While general aviation in New Jersey continues to grow, the state needs to attract more businesses to remain competitive, industry officials said today at Teterboro Airport during a regional forum that drew more than 2,400 attendees.
“We’re at a point in our state where corporations and aviation really matters. Demand for general aviation is fixed on a statewide basis, so we have to steal business from other states to grow aviation,” New Jersey Department of Transportation Commissioner James Simpson said. “If we have jobs, we’ll have the aviation. … There would be no aviation but for business.”
Simpson said retaining companies that will utilize general aviation airports — like Realogy Corp., which will continue to use services at the Morristown Municipal Airport, in Hanover, when it relocates its corporate headquarters to Madison — is key to growing the industry.
According to Susan Baer, director of aviation at the Port Authority of New York and New Jersey, each business jet equates to $1 million in economic activity and five new jobs in the region, and the Port Authority’s five airports — which will handle more than 109 million passengers this year — generate $5 million for the regional economy every 45 minutes.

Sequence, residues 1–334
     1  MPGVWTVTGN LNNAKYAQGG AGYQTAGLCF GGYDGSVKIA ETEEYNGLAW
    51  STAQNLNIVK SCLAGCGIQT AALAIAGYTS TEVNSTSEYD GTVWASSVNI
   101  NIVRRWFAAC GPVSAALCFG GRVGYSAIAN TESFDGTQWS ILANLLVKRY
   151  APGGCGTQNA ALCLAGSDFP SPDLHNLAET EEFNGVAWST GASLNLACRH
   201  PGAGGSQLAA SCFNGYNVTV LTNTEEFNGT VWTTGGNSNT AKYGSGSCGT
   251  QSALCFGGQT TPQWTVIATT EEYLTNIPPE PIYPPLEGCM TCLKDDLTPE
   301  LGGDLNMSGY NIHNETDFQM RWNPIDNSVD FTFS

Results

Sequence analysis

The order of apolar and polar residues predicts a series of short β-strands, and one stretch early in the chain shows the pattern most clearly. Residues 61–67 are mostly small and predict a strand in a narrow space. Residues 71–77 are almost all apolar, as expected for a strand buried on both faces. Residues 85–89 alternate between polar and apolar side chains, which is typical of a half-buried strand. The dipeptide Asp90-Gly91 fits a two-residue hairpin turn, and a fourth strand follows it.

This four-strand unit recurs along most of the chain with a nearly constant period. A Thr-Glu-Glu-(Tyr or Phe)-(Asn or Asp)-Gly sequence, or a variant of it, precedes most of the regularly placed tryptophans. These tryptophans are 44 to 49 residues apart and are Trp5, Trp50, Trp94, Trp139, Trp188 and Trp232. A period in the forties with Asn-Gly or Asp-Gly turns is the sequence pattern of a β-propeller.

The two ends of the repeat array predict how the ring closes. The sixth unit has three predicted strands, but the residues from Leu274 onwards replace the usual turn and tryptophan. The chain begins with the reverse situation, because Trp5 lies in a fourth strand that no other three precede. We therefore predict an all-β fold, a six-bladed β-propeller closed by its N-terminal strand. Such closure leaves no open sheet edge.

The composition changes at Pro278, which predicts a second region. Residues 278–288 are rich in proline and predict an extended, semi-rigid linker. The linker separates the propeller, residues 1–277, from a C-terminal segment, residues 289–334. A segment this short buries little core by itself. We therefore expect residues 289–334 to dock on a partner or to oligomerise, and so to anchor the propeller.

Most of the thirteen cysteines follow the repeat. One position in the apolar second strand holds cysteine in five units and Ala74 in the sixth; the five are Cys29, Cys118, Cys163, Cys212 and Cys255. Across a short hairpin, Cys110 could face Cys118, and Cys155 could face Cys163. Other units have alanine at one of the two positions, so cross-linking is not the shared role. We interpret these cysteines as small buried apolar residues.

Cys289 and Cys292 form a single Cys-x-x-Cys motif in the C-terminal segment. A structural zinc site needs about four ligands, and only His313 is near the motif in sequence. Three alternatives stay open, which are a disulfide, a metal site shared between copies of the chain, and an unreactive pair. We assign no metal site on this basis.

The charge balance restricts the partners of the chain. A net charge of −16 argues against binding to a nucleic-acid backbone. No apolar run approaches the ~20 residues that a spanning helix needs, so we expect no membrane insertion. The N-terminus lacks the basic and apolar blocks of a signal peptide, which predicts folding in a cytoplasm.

Teterboro Airport manager Renee Span said the airport has grown to become one of the busiest general aviation airports in the country, ending 2011 with 152,000 flights.
Simpson said “boneheaded decisions” at the state and local government level have wasted funds that could have been better invested in the general aviation industry. He noted that, at one point, New Jersey “almost put its flight school in Princeton out of business.”
Simpson said he is now working with First Aviation President and CEO Bill Thomas to “navigate the bureaucracy” of the state’s Department of Environmental Protection to expand Teterboro Airport.
“At the end of this year — unless Congress takes action — is the biggest cut in the nation’s defense budget, and the biggest tax increase,” said Ed Bolen, president and CEO of the National Business Aviation Association, which sponsored the event. “We’re facing a $100 per-flight fee and an extended depreciation schedule for general aviation airplanes. This is an industry that’s a positive and should be promoted, not a negative that should be taxed.”